Attacked: A Worth County cold case
KENSETT, Iowa — To her neighbors and church community, 81-year-old Mildred Clemenson was a kind-hearted woman.
Described as a “good old Norwegian,” Clemenson was a regular attendee at Elk Creek Lutheran Church and liked to offer cookies and coffee when people were at her house, said her former neighbor Julie Gore.
To many, she was known simply as Millie.
When news came on Nov. 11, 1998, that authorities had taped off Clemenson’s 80-acre property about seven miles west of Kensett and that she had been killed, Gore said the small community of Kensett couldn’t believe it.
“We were shocked and devastated when we heard what had happened,” Gore said.
According to the Iowa Division of Criminal Investigation, Clemenson had been last seen on Nov. 9 but was found two days later by her adopted daughter, Marcia Patton.
Someone had attacked Clemenson in her mobile home at 3926 Ironwood Ave., which was directly next to the family farmhouse. Clemenson and her husband, Gunder, had previously lived there before Gunder died the year before. Patton and her husband, Ron, and their two children lived there at the time of her murder, authorities stated.
An autopsy indicated Clemenson died from cranial cerebral trauma due to blunt trauma injury — or simply put, a blow to the head.
“All we know is that she’s dead, and she didn’t do it herself,” said then Worth County Attorney Doug Krull to the Tribune in 1998.
Gerard Meyers, assistant director of field operations for the Iowa Division of Criminal Investigation, declined to release any information about the alleged weapon but noted that Clemenson had planned to leave for a winter home in Arizona on Nov. 10 and had already purchased her plane ticket.
She was buried Nov. 18 in the Elk Creek Lutheran Cemetery.
Saturday was the 15th anniversary of Clemenson’s death, and no arrests have been made.
The last time someone from the public submitted a tip to police about the case was in 2000, Meyers said.
The DCI official said authorities conducted several interviews with people who had contact with the house and analyzed property from the residence.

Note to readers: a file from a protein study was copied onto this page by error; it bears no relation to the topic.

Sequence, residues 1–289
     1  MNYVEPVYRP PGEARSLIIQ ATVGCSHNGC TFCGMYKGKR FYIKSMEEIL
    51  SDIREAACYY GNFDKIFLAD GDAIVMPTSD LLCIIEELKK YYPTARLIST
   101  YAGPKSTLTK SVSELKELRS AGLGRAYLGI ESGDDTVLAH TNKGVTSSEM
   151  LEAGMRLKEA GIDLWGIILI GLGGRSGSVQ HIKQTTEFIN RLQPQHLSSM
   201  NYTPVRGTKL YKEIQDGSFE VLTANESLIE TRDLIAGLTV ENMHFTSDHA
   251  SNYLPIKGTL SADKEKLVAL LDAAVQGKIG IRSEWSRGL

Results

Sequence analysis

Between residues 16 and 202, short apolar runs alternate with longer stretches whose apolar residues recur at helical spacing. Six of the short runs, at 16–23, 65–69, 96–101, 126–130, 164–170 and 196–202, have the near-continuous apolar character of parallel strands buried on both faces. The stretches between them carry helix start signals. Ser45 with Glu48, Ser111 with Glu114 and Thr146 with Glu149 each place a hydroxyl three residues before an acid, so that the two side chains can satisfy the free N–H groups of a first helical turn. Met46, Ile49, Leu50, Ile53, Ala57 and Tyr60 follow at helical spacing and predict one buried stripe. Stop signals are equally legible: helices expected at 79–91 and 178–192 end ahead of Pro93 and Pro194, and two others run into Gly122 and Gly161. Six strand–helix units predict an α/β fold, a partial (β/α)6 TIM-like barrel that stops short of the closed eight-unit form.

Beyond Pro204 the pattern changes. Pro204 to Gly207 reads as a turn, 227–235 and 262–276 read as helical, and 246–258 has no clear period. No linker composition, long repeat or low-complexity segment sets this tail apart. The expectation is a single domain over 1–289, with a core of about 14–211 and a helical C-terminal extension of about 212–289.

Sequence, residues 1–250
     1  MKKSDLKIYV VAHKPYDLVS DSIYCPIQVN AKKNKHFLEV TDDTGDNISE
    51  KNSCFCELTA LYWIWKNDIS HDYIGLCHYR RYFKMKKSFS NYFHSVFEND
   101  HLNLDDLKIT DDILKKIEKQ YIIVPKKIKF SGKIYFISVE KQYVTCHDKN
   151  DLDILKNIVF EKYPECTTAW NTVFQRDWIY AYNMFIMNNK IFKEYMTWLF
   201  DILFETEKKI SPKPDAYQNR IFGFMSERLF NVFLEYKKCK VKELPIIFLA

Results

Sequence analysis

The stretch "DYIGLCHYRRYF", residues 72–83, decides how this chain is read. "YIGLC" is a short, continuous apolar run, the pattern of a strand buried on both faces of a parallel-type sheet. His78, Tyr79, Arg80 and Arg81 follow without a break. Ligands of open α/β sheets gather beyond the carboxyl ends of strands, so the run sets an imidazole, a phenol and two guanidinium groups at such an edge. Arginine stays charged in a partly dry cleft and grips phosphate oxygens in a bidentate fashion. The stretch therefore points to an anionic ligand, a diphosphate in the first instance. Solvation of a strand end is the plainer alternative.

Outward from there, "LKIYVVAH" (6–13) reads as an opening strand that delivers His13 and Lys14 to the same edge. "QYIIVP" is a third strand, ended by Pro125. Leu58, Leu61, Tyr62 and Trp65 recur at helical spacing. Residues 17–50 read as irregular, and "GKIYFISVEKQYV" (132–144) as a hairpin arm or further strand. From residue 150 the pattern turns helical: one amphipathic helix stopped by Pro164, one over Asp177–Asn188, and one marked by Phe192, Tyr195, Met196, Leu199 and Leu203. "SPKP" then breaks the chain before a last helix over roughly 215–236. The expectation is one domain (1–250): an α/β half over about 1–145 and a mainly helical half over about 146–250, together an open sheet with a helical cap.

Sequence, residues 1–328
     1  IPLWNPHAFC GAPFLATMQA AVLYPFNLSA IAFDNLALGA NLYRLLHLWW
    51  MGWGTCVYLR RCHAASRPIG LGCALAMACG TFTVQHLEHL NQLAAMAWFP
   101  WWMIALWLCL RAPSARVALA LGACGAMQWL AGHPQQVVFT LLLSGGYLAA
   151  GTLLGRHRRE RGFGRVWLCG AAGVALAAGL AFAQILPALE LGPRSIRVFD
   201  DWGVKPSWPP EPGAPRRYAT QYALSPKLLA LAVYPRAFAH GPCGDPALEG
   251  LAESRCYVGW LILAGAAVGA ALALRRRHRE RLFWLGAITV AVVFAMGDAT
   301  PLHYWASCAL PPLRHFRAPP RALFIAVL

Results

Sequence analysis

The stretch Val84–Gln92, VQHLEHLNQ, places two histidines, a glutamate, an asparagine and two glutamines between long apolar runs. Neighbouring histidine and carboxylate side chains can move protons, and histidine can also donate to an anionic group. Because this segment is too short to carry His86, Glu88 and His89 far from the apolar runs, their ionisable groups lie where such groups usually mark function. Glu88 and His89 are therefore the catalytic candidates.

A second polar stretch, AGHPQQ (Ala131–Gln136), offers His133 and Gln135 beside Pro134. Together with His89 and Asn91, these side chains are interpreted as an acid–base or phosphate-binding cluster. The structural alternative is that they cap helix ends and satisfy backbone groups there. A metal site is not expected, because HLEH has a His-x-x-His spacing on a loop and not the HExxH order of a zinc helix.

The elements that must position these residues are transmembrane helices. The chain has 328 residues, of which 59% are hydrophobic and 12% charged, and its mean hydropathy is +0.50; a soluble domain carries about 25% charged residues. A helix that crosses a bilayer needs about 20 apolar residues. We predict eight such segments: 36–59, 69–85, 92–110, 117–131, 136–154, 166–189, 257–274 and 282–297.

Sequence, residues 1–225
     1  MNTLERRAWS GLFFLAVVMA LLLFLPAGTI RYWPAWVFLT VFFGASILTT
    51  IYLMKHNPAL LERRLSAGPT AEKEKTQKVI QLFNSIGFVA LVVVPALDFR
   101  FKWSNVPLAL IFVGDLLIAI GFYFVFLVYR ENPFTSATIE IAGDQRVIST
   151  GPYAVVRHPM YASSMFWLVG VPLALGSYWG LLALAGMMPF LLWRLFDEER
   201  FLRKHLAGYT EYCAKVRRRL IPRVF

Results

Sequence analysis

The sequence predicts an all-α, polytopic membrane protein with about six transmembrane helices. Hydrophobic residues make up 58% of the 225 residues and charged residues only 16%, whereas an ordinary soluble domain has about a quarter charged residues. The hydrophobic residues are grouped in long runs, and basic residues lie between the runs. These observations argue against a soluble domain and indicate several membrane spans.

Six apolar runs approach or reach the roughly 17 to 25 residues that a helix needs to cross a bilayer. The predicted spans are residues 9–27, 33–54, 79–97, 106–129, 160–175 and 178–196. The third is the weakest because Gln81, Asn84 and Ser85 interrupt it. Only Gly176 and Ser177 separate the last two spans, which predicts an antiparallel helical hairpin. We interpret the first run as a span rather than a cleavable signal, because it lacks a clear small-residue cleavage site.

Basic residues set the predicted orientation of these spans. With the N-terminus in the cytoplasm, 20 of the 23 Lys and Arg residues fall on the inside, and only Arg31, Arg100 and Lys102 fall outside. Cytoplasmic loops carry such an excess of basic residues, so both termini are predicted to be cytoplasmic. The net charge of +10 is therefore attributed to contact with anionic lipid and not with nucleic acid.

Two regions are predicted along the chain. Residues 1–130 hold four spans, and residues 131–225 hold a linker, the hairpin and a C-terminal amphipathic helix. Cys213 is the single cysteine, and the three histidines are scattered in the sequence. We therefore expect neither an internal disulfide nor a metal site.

A handful of people were also re-interviewed, which tends to indicate they may be a person of interest, Meyers said.
Though he declined to give details, Meyers confirmed that the Pattons have been investigated.
“There’s a whole section in the investigation on her daughter and Ron Patton,” Meyers said.
Two months after Clemenson’s death, authorities raided the Patton home and vehicle. They seized financial records.
The Pattons quickly hired criminal defense lawyer Montgomery Brown of Des Moines to represent them.
“No one has told me she’s a suspect, but there are community rumors,” Brown told the Mason City Globe-Gazette in 1999.
A call made by the Tribune to Brown for this story went unreturned, and the Pattons were unable to be found.
According to Iowa Cold Cases, an online organization that researches cold cases and seeks to find answers to them, Clemenson had received some money from the estate for Mable Bitker, her late stepmother, near the time of her death.
The Tribune could not confirm the amount of money left to Clemenson, but on Nov. 9, the day before her scheduled trip to Arizona, she had allegedly went to the bank to cash in a large bond. Sometime after returning home, she was killed.
Clemenson reportedly told a family member the day before her slaying that once she got to Arizona she did not want to return to Iowa because all her family wanted was her money, the website stated. There was also controversy about the land where the farmhouse and trailer were on. After her mother’s death, Marcia Patton reportedly sold the property out from under the leaseholder, though her parents had agreed that if they ever sold the land, that leaseholder could have the first right to purchase it.
Todd Rothove, who lives two houses north of the former Clemenson property, said he remembers picking corn when he found out about Clemenson’s death.
He recalled times when he was younger when he would go over to the Clemenson house when Millie’s husband, Gunder, was still alive.
Rothove described Gunder as an “ornery character” and Millie as giggly and laughing.
“We grew up pretty much all in the same neighborhood,” he said. “The whole thing sounded pretty bizarre. I remember thinking this is not supposed to be happening.”
Though many questions remain, Meyers said cold cases in Iowa are reviewed annually.
In the Clemenson case there has not been a lot of movement, but if anyone has any information tied to the case they are asked to contact Meyers at 515-725-6015.
Another Worth County cold case
A second unsolved murder in Worth County dates back to Dec. 8, 1997.
On this day, Lowell Thomas Stumo, 48, was found shot to death near his farmhouse southwest of Northwood.
His wife, Marie, reportedly found Stumo, a former U.S. Army sergeant who served in Vietnam, lying next to his pickup.
Authorities initially questioned whether the death was a murder or a hunting accident, as the couple’s property bordered Elk Creek Marsh, a state-owned public hunting area.
He is buried at Elk Creek Cemetery in rural Kensett, the same cemetery as Mildred Clemenson.
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